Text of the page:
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Bridging the gap

06 May 2010

Photograph taken by Ajiran OsmanPhotograph taken by Ajiran Osman

A collaborative project involving researchers from the University’s Danau Girang Field Centre in Malaysia is offering new conservation hope to isolated orang-utans in Borneo.

A photographer has recently captured proof that a bridge project to reconnect isolated orang-utan populations is a success.

In recent years, due to logging and deforestation, orang-utans on the Kinabatangan River have been split into fragmented populations. The animals previously crossed small rivers using the canopies of old growth forests but, since the trees have been logged, artificial structures were needed.

Six rope bridges were built as part of a project run by the Kinabatangan Orang-utan Conservation Project (KOCP) and the Sabah Wildlife Department.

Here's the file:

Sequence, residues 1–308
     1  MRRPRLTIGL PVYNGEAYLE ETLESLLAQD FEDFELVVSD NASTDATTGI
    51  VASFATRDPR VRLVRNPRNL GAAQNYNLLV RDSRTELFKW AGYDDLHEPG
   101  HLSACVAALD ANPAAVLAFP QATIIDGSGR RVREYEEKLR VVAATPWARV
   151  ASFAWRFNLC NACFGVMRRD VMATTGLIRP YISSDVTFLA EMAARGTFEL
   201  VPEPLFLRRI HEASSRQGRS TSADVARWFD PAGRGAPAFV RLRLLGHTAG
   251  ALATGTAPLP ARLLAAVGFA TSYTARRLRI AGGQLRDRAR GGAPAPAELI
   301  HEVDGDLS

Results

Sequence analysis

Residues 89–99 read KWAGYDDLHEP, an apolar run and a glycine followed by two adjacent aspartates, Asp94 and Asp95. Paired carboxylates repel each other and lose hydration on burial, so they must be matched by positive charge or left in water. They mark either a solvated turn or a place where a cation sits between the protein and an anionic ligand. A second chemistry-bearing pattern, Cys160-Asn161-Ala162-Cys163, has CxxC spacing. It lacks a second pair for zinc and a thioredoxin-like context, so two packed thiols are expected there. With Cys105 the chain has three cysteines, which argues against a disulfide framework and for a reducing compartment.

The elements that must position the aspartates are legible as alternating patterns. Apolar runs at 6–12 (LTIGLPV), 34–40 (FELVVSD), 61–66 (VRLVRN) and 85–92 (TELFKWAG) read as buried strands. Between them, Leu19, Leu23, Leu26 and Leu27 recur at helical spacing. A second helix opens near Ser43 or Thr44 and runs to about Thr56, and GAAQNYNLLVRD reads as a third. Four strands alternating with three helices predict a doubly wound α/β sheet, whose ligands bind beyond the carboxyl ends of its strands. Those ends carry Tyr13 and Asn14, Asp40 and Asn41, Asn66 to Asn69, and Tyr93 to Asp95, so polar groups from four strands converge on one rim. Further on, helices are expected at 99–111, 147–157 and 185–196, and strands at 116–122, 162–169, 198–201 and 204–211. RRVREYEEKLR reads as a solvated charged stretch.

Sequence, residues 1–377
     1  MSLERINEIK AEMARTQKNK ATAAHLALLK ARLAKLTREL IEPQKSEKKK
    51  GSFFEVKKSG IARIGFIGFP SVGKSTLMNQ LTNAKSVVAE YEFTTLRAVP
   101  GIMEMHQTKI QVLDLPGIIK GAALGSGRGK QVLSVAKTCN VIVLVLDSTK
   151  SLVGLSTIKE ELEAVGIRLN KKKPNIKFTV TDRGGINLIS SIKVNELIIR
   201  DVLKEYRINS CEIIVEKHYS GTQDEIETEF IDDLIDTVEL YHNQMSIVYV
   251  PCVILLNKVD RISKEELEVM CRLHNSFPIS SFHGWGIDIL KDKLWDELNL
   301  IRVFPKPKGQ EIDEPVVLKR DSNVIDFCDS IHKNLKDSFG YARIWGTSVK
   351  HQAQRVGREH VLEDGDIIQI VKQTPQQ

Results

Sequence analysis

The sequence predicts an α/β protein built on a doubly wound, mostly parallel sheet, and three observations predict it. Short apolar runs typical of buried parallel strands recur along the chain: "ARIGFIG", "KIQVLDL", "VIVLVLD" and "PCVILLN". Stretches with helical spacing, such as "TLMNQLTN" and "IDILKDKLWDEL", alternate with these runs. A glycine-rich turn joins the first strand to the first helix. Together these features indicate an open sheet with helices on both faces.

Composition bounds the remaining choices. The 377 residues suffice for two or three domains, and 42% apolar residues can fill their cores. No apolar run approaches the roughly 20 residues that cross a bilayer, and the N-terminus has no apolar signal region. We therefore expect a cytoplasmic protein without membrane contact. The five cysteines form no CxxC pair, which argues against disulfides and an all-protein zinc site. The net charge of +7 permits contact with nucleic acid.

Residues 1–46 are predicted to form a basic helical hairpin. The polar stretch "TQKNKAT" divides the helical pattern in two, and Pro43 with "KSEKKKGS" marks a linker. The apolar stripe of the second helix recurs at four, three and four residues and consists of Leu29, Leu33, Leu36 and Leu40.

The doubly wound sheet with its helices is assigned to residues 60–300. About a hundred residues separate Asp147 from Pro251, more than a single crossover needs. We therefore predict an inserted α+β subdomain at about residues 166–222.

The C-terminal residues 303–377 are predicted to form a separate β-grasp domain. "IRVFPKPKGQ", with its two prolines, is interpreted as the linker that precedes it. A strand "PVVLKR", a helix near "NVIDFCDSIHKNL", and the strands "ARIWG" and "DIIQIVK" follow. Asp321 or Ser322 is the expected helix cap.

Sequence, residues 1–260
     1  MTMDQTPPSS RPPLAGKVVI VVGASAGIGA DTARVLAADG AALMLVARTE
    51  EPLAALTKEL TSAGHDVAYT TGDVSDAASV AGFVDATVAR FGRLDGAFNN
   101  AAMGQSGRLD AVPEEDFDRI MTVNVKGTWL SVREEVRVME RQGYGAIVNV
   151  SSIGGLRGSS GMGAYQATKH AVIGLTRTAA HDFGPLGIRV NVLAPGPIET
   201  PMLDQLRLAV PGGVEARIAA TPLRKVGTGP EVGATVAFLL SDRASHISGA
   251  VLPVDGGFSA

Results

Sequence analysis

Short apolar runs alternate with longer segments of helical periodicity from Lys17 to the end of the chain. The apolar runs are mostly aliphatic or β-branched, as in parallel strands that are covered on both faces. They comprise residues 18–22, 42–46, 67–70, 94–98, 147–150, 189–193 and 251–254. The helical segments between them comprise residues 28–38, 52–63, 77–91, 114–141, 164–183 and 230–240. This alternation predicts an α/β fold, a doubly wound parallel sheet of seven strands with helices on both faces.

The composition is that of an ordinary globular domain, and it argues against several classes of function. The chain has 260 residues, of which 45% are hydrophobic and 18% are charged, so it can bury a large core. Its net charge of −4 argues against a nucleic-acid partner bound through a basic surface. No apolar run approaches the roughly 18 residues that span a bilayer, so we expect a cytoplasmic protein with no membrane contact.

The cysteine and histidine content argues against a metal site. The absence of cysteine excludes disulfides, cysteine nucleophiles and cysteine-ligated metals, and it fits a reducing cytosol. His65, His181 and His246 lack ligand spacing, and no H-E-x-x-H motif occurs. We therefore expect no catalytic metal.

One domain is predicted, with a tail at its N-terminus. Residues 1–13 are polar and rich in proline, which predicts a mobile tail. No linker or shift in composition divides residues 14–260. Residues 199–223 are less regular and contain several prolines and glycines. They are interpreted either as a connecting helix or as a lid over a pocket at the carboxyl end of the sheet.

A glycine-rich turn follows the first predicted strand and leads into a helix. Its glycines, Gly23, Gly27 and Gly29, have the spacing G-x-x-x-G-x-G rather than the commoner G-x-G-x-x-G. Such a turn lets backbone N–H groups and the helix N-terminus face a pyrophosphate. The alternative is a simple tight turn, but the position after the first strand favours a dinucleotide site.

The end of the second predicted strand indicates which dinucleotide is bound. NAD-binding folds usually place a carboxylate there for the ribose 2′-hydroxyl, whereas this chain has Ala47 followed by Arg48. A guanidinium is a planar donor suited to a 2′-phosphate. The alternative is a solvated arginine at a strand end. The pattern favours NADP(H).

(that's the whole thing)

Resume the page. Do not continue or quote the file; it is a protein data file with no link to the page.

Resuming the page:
Photograph taken by Ajiran OsmanPhotograph taken by Ajiran Osman

Local eyewitnesses have reported seeing orang-utans using the rope bridges but the photographs taken by Ajiran Osman, showing a young male crossing over a small tributary of Kinabatangan, are the first hard evidence that the bridges are making a difference.

Dr Benoît Goossens, School of Biosciences and Director of the Danau Girang Field Centre, said: "Genetic studies have been carried out by the University, Danau Girang, KOCP and the Sabah Wildlife Department. The data from these shows that the populations of orang-utans in the Lower Kinabatangan river areas are estimated to go extinct in our lifetime if they are not reconnected through schemes like the rope bridges.

"Similar bridges will be set up at tributaries in the vicinity of the field centre. It will be supported by the Borneo Conservation Trust of Japan and monitored by our staff and students."

Danau Girang Field Centre is a collaborative research and training facility managed by Cardiff University and Sabah Wildlife Department.

It is situated in the Lower Kinabatangan Wildlife Sanctuary in Sabah, Malaysia and is surrounded by a mixture of lowland dipterocarp forest types, ranging from primary forest to disturbed secondary forest, in a matrix landscape with significant human impact including villages, small scale agriculture and oil palm plantations.

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